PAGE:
The origins of the Wall Street Journal lie in a series of bulletins that were issued throughout the working day and delivered by hand to traders on the New York Stock Exchange by the Dow Jones & Company.
These were then compiled at the end of the day into the Customers' Afternoon Letter and it was this that later became the Wall Street Journal, first published this day in 1889. It has one of the highest newspaper circulations in the United States and has won a Pulitzer Prize 40 times, reason enough we think to toast it with a gin-based cocktail, The Business, to say Happy Birthday to this long-standing publication.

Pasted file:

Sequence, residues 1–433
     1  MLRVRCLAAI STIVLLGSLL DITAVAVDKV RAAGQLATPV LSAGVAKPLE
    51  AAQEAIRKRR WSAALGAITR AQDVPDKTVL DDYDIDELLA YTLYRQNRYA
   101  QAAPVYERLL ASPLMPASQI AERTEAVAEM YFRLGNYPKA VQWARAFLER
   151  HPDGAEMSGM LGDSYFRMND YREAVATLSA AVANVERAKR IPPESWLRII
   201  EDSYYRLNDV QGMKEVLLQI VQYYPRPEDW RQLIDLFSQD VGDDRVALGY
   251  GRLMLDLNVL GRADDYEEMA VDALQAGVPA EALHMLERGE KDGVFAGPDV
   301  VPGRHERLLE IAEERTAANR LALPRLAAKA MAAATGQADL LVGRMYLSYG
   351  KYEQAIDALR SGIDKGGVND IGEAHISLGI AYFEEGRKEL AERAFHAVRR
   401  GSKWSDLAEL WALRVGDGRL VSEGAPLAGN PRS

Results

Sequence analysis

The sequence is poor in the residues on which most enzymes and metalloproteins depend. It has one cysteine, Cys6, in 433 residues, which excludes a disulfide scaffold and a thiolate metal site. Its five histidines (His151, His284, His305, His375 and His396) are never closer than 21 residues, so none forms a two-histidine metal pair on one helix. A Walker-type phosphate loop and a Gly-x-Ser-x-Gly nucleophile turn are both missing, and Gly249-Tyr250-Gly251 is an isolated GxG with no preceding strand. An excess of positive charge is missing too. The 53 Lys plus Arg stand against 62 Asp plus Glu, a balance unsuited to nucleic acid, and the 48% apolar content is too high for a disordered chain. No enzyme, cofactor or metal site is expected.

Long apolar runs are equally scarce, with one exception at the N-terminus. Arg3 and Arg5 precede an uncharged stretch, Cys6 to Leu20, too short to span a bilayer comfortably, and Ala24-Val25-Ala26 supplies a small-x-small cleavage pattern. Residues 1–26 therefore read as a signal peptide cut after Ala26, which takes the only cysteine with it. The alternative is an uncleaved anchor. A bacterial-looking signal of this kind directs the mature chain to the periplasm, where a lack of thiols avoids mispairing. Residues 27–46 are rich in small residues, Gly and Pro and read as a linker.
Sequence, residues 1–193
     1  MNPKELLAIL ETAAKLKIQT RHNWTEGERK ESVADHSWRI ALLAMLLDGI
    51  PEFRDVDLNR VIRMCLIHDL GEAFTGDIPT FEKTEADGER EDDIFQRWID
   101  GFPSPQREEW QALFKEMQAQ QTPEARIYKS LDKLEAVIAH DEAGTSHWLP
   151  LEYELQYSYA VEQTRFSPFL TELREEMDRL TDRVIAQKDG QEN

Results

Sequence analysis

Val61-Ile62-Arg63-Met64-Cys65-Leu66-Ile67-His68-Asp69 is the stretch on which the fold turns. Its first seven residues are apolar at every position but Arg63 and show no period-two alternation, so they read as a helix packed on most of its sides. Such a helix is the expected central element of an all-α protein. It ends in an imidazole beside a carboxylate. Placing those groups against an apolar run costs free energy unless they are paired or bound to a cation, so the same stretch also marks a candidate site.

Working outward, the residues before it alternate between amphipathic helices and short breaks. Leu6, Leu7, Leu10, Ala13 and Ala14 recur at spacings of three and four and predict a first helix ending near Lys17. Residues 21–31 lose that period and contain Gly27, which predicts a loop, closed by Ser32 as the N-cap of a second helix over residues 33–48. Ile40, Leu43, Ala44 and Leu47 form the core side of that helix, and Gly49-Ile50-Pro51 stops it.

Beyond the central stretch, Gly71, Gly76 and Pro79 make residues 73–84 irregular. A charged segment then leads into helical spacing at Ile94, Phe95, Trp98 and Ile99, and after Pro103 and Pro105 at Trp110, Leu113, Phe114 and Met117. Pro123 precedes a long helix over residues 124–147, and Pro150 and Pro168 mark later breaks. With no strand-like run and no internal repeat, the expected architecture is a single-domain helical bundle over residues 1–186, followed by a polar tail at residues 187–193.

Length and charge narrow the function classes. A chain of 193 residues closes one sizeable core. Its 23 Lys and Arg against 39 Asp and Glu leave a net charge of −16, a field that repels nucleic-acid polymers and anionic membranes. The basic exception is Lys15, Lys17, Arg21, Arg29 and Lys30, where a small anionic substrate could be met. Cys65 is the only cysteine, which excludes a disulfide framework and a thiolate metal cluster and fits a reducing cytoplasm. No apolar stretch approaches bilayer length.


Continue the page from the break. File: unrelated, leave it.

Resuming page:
A Night Witch died this day
Ever heard of the Night Witches? They were a division of female combat pilots who fought the Nazis from converted cropdusters during World War II.
All volunteers, some only in their teens, the women would fly eight or more missions a night - in planes so flimsy that a tracer bullet would set them alight. They flew in the dark, without parachutes, guns, radios or radar, without even a screen to stop their faces from freezing in the open cockpits. And, amazingly, many of them survived.
One of the last Night Witches, Nadia Popova, died on this day in 2013, aged 91. We are toasting her and her fellow aviators - many of whom, like the regiment's founder Marina Raskova, did not survive the war - with an Aviation.